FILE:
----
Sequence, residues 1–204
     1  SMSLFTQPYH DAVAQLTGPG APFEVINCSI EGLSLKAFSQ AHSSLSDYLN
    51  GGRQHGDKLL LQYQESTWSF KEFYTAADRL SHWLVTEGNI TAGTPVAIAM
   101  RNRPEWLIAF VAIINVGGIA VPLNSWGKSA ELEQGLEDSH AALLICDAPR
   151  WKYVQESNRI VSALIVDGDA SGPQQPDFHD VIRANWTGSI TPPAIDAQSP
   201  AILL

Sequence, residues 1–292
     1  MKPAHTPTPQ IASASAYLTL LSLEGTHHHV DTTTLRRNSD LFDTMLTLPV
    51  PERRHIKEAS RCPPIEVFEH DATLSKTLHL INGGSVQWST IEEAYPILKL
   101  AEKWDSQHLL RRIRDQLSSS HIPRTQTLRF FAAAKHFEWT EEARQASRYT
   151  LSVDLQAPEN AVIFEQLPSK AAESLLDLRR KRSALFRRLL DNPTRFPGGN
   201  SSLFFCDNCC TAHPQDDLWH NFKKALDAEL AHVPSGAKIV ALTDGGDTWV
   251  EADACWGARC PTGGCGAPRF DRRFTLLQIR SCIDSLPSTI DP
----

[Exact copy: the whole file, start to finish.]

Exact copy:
Sequence, residues 1–204
     1  SMSLFTQPYH DAVAQLTGPG APFEVINCSI EGLSLKAFSQ AHSSLSDYLN
    51  GGRQHGDKLL LQYQESTWSF KEFYTAADRL SHWLVTEGNI TAGTPVAIAM
   101  RNRPEWLIAF VAIINVGGIA VPLNSWGKSA ELEQGLEDSH AALLICDAPR
   151  WKYVQESNRI VSALIVDGDA SGPQQPDFHD VIRANWTGSI TPPAIDAQSP
   201  AILL

Sequence, residues 1–292
     1  MKPAHTPTPQ IASASAYLTL LSLEGTHHHV DTTTLRRNSD LFDTMLTLPV
    51  PERRHIKEAS RCPPIEVFEH DATLSKTLHL INGGSVQWST IEEAYPILKL
   101  AEKWDSQHLL RRIRDQLSSS HIPRTQTLRF FAAAKHFEWT EEARQASRYT
   151  LSVDLQAPEN AVIFEQLPSK AAESLLDLRR KRSALFRRLL DNPTRFPGGN
   201  SSLFFCDNCC TAHPQDDLWH NFKKALDAEL AHVPSGAKIV ALTDGGDTWV
   251  EADACWGARC PTGGCGAPRF DRRFTLLQIR SCIDSLPSTI DP